Harm reduction strategies in Canada, such as safe injection sites (SIS) have been proven to be an effective strategy to control the effects of injection drug use (Small et al., 2011). The proven effectiveness of these strategies renders the governments’ “war on drugs” and criminalization strategies ideological. The Toronto Board of Health meeting that took place on July 10, 2013 where public health officials, community organizations, previous injection drug users (IDUs) and their families spoke in favour of opening a SIS. Furthermore, the Conservative government has recently started a “Keep Heroine out of our Backyards” campaign and created Bill C-65 to make it more difficult to open SIS. I wish to look at different newspaper articles from the Toronto Sun and
History and Literature Review: War on drugs, harm reduction and Insite
The war on drugs, which started in the United States, has become widespread in many countries around the world, and increasingly so in Canada (Odeh, 2013). It has been shown that the war on drugs is an inefficient way to minimize or even control drug use and possession (Odeh, 2013). This begs the question then as to why the war on drugs is still being waged with increasing force. The United States, which started the war on drugs, now has the highest prison population per capita in the world, with 730 of every 100,000 people imprisoned (Odeh, 2013). Furthermore, more than half of these people in prison are serving sentences for drug crimes (Odeh, 2013). Despite the fact that it costs taxpayers a lot of money, with no results; drug use and the amount of drugs in the US hasn’t decreased, the war on drugs has not stopped. While some Americans, even very conservative ones (CBC, 2011) have come to the conclusion that criminalization and incarceration doesn’t work, Canada has continued to get tougher on drugs. “Canadian officials elected in May 2011 decided to overhaul their drug sentencing system. A newly proposed bill, entitled the Safe Streets and Communities Act, will largely emulate the US sentencing framework, despite its highly documented failure to achieve even the modest success in the US war on drugs” (Odeh, 2013, p.200). Since the Conservatives won a majority government, new laws imposed including mandatory minimum sentences for marijuana possession will further the war on drugs in Canada.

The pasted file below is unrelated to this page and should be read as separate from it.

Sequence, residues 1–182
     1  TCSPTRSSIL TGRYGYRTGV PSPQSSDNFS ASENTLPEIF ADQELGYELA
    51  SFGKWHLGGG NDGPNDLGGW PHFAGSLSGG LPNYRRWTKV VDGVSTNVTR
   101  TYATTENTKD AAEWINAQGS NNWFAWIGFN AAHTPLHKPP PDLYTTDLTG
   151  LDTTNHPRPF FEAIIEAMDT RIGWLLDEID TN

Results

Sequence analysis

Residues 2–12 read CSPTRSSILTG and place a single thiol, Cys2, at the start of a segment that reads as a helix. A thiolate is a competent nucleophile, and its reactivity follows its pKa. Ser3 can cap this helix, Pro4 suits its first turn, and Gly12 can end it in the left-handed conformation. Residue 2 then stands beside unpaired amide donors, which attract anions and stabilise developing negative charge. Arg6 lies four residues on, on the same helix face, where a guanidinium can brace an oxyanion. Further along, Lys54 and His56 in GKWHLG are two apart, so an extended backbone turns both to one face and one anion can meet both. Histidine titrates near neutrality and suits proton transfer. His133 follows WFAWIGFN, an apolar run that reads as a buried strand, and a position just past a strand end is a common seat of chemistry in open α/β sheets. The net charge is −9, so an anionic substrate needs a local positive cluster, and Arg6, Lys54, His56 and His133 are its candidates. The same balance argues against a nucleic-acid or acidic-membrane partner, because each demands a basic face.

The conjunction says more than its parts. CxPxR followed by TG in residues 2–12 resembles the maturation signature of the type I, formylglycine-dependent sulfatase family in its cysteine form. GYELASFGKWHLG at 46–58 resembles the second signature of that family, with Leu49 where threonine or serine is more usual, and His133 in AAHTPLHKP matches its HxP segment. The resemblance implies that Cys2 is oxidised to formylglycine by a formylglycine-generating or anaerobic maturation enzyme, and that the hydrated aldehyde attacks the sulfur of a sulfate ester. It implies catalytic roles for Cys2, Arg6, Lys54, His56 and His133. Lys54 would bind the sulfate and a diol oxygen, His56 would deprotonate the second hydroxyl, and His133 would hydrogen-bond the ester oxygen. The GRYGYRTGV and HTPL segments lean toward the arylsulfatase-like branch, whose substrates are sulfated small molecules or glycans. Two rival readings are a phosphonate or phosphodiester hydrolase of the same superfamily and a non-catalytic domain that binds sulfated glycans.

Harm reduction strategies take a different stance on drug use. Harm reduction strategies understand that people will use drugs whether they are legal or not, thus the goal is to reduce the harm to the user rather than criminalize them (Single, 1995). Harm reduction is generally anything that seeks to reduce the physically or socially harmful effects of drug use (Beirness, Jesseman, Notarandrea, Perron, 2008). This could refer to most policies and programs, but what is specific about harm reduction is that it does not require the user to stop using drugs (Beirness et al., 2008). Furthermore, harm reduction understands that people...